There are four main modes to choose from in single-player; championship, quick race, time attack and classic. All modes are essentially a single race (championship is technically a three stage race spread out over three tracks – plus a bonus track if you come in first), and there is very little reason for you to keep coming back – unless you're the competitive type who likes to obsess over lap times and online leaderboards.
In case you've never played a SEGA Rally game before, you're probably wondering what the actual racing feels like. If you're expecting it to be anything like the recently released DiRT 3, then you've let the “rally” in the title confuse you. Both games feature rally cars which tend to quickly accumulate a thick layer of mud and dirt on their initially so shiny finish while leaving pretty looking skid marks in the game's mud-, sand- and snow-covered grounds, but that's pretty much all there is when it comes to similarities.
Cars in SEGA Rally Online Arcade feel more like hovercrafts with wheels than actual cars, but that's something you'll quickly get used to – or not. Your enjoyment of the game really comes down to your willingness to find appreciation in its lack of real world physics and its emphasize on arcade gameplay.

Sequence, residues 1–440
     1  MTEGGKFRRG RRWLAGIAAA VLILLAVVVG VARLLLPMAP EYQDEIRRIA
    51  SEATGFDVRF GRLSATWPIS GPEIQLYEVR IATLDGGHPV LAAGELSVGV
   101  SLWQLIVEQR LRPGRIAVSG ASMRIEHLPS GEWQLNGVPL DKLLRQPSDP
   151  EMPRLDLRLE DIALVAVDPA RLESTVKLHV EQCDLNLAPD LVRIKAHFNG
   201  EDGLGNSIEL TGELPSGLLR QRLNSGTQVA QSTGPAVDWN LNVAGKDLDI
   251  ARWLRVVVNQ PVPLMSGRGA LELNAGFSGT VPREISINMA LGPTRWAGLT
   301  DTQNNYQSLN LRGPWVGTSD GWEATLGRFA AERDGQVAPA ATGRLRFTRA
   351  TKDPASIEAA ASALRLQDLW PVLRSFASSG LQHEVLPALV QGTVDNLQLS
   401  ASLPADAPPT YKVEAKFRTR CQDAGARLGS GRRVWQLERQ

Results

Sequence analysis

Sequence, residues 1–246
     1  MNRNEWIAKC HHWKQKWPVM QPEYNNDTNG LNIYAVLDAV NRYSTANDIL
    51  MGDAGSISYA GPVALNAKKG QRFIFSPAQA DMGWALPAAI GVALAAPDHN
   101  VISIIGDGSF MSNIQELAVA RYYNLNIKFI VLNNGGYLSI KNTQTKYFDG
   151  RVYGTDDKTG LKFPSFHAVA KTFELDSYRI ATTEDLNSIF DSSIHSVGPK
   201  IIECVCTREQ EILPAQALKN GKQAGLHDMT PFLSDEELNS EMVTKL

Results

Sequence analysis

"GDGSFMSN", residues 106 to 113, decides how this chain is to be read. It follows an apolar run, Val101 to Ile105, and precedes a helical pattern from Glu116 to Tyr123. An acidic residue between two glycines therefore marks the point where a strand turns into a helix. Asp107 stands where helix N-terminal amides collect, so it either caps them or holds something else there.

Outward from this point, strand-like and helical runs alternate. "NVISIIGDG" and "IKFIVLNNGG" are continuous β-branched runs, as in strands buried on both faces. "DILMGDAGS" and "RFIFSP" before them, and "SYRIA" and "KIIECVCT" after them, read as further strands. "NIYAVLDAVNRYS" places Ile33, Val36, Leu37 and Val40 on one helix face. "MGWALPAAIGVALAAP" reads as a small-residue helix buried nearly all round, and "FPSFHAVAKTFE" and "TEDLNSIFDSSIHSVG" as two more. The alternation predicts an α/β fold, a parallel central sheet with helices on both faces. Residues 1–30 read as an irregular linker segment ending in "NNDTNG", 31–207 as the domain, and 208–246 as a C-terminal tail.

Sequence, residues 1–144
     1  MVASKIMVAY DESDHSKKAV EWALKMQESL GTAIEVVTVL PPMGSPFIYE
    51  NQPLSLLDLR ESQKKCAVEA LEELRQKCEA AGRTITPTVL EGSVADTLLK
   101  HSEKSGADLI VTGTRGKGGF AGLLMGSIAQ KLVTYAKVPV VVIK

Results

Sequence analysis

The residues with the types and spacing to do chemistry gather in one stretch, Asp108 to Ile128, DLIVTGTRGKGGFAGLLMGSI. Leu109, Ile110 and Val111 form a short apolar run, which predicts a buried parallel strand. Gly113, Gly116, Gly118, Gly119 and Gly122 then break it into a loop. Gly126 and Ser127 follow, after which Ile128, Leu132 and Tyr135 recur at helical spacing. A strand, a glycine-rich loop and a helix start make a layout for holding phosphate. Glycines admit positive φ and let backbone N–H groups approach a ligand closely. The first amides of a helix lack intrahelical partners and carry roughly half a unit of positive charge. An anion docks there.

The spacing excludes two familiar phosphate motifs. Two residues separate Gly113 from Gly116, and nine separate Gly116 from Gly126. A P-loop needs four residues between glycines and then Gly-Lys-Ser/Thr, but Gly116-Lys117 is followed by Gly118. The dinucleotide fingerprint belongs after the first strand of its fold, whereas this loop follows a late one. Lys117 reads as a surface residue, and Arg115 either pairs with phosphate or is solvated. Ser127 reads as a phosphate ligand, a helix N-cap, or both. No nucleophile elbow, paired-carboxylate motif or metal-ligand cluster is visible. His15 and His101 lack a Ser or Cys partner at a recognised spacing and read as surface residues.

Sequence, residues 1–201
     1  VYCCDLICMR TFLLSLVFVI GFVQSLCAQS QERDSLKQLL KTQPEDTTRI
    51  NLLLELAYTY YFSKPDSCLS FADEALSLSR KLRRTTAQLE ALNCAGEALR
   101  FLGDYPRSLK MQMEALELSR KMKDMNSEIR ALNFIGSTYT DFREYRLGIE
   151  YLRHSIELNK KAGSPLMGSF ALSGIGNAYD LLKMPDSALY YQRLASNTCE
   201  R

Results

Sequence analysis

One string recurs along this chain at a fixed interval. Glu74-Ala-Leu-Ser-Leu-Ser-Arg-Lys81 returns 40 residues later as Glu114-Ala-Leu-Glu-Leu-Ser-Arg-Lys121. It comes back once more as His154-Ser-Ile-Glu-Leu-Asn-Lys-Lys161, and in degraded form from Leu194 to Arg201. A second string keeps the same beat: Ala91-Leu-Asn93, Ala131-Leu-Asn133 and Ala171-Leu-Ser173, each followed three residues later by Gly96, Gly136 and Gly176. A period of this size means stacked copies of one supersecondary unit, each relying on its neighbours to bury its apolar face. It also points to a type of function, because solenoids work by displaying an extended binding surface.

In a way the game looks like it plays. Cars lack any kind of damage model, and flipping them over or making them fly off a track is literally impossible. Tracks, and the typical SEGA blue-skied environments they are set in are rather pretty for a downloadable title, and especially the track deformation and mud effects on the cars are kind of neat, yet nothing we haven't seen done before more impressively at the beginning of this console generation's cycle. It probably won't surprise you that fighter jets, 747s and helicopters regularly circle the tracks in typical arcade-racetrack fashion.
SEGA Rally Online Arcade features both single- and multiplayer (online and offline), but unfortunately the online multiplayer seems broken, which may be why we found the servers to be completely vacant. We unsuccessfully tried finding people online on multiple different occasions, and when we had two of us attempt to connect to each other, the game gave us a timeout error. So much for the “online” in the title.
When it all comes down to it, SEGA Rally Online Arcade isn't a bad game, and even the broken online portion didn't detract much from the addiction to perfect those lap times that sets in after only a few races, but there's just so little content here that unless you're a hardcore fan of classic SEGA Rally, there are many better options available on the PlayStation Network to invest $10 into.